The members of the band are the aforementioned Lola Damblant-Soler, Matthieu Colas (guitar), Theo Pinte (guitar), and Julien Giet (drums). Guest musicians include Jeremy Bares, Hassan Hajdi (Ange) Suzie Lou (Archetype, Natural Disorder) and Lucas de la Rosa (Archetype). Lucas also produces.

Demonstrating strength, initiative and independence, Damblant-Soler successfully financed the album through crowdfunding, which resulted in this self-produced independent release. They describe their music a progressive metal. Not doubting that XIII contains progressive metal, I would be of the view that Soledad covers a broad prog spectrum.

In the progressive rock world their influences are Haken, Leprous, Neil Morse and Muse. Classically, the use of strings permeates the album. Damblant-Soler's influences include Brahms' and Verdi's requiems. Other influences emanate from the romantic and baroque era. The French connection of Debussy and Chopin are among her favourite composers. Furthering the classical connection, producer Lucas de la Rosa plays keyboards on Remembrance, and he cites Rachmaninov, and Gershwin's Rhapsody in Blue as influences.

The story includes forests, witches and spells. But don't panic, I am not about to bring you for a spin on the Hogwarts Express! Lola Damblant-Soler explains that this is a concept album, and the story emerged based on a freak experience of short-term blindness. This led to the concept for XIII where the main character loses her sight. The main character is the witch, who is Suzie, who is introduced on the second track Hex. The story continues where both lose their sight and they set about trying to find the remedy.

Briefly, I will take you through XIII. Opening with the excellent Handing Over Me, this has a beautiful melody, starting softly with piano and vocals, before building towards a dramatic end.

Hex features Suzie Lou. It ups the ante in terms of energy which is dominated by djent. There is a lot going on in this track. Migraine introduces Hassan Hajdi. On one hand this track conveys an ugliness and on the other Damblant-Soler's soft, upbeat melody nicely counterbalances.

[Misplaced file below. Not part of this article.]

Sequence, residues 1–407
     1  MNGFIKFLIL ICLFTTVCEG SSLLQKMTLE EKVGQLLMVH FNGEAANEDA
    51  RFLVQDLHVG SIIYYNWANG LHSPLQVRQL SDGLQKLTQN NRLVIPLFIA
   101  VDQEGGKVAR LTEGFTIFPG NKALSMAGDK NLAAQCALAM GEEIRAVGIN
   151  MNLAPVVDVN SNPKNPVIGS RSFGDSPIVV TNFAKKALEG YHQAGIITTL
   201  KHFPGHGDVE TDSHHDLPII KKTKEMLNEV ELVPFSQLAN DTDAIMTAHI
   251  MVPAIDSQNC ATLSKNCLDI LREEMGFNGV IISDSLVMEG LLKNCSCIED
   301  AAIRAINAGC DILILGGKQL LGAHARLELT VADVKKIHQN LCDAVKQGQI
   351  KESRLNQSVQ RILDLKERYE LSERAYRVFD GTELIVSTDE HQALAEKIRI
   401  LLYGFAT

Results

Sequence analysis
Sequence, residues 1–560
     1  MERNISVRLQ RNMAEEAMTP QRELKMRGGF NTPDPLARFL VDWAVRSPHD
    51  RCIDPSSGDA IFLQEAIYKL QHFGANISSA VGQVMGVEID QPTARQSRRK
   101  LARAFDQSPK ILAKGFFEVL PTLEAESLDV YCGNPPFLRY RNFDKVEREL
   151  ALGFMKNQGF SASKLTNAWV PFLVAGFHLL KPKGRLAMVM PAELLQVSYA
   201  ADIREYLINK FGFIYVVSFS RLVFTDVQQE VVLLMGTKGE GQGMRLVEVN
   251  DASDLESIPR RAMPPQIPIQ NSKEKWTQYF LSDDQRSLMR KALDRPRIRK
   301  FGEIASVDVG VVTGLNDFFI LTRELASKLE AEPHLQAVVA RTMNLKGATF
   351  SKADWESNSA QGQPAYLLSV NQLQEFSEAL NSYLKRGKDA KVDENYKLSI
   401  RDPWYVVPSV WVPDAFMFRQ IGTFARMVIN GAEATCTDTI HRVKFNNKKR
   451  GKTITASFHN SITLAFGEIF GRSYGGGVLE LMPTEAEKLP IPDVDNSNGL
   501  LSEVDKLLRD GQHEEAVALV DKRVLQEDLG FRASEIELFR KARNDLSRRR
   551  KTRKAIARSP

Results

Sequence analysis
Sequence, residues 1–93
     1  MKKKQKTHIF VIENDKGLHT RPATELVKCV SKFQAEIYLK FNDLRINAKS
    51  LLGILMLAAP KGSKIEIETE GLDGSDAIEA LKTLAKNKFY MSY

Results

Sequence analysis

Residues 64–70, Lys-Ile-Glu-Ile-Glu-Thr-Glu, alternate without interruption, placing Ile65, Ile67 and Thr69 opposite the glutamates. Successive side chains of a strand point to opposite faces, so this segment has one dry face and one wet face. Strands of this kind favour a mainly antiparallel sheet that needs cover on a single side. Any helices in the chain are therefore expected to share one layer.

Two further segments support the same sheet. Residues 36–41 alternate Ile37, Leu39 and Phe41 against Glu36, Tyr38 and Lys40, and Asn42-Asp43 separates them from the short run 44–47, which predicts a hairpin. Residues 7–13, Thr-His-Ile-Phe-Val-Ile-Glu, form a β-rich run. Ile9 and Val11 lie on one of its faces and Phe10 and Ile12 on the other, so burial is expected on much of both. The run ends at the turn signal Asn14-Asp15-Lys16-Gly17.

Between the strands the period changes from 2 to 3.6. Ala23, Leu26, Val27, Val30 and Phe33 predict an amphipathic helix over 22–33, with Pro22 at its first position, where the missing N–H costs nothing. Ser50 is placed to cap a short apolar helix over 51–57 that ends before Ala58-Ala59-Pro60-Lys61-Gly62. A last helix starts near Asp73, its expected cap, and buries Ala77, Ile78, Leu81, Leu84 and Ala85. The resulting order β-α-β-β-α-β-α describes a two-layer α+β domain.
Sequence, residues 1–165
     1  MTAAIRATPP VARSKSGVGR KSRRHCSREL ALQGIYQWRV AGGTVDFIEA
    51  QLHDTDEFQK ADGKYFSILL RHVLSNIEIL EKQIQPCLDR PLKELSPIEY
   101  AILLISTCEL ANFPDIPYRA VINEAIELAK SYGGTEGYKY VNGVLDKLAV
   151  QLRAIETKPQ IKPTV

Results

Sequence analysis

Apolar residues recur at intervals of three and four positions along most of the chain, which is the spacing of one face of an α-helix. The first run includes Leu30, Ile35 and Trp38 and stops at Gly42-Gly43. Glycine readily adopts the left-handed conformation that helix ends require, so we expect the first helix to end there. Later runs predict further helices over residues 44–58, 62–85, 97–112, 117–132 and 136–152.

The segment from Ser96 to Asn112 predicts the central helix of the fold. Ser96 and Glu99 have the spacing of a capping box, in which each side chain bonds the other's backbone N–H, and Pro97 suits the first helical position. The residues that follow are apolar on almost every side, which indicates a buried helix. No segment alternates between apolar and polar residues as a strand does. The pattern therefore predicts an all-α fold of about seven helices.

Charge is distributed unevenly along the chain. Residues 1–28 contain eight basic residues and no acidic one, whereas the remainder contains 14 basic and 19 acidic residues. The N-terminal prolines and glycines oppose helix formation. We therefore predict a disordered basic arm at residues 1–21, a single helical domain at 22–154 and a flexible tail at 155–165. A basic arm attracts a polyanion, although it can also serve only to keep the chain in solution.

The track Fading Sight explains where we are in the story. Backed by plucked strings, it gets heavier towards the end while maintaining the initial melody.

Shelter 1 and Shelter 2 continue the story of finding a remedy. Shelter 1 features Jeremy Bares performing a blistering solo on slide guitar. The Muse influence can be found on Shelter 2. The title track XIII includes a classical interlude.

The Spell is possibly my best track with an excellent melody. Remedy is the discovery to ease the pain. Lucas plays keys on Remembrance introducing a romantic interlude. The concluding track Amnesia, revisits the melodies of the previous 10 tracks, with a guitar solo finalé that brings the album to a close.

It is difficult to confine Soledad to a particular genre as they cover such a wide spectrum. One thing is for sure; this is an excellent album encompassing so much variety. The songs are well-crafted with great production. This is a young band with enormous potential.

Tears For Fears — The Tipping Point

Tears For Fears - The Tipping Point
No Small Thing (4:42), The Tipping Point (4:11), Long, Long, Long Time (4:30), Break The Man (3:56), My Demons (3:08), Rivers Of Mercy (6:02), Please Be Happy (3:04), Master Plan (4:37), End Of Night (3:24), Stay (4:35)
Patrick McAfee

Tears For Fears may not be a prog band in the traditional sense, but their diverse discography and complex style certainly warrants inclusion in the genre. The Tipping Point, their seventh studio album and first in 18 years, stands as a testament to their musical integrity.